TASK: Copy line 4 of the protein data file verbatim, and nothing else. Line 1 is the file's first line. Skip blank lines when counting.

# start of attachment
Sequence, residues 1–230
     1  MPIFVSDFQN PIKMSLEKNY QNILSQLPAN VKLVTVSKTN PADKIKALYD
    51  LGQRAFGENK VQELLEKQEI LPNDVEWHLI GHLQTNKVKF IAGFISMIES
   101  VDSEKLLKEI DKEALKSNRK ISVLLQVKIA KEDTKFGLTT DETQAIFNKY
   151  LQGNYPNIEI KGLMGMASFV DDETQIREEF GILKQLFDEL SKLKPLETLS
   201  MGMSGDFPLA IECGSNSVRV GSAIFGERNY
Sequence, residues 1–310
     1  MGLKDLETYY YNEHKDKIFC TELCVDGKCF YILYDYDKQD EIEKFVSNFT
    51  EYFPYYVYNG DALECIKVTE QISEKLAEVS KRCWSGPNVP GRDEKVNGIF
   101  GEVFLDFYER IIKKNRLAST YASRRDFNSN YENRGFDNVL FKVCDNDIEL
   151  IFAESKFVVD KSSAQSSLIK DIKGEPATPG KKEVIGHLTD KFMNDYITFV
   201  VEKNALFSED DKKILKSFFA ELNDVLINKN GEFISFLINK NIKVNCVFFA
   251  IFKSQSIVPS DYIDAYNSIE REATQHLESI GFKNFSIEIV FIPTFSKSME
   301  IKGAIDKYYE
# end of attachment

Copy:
   101  VDSEKLLKEI DKEALKSNRK ISVLLQVKIA KEDTKFGLTT DETQAIFNKY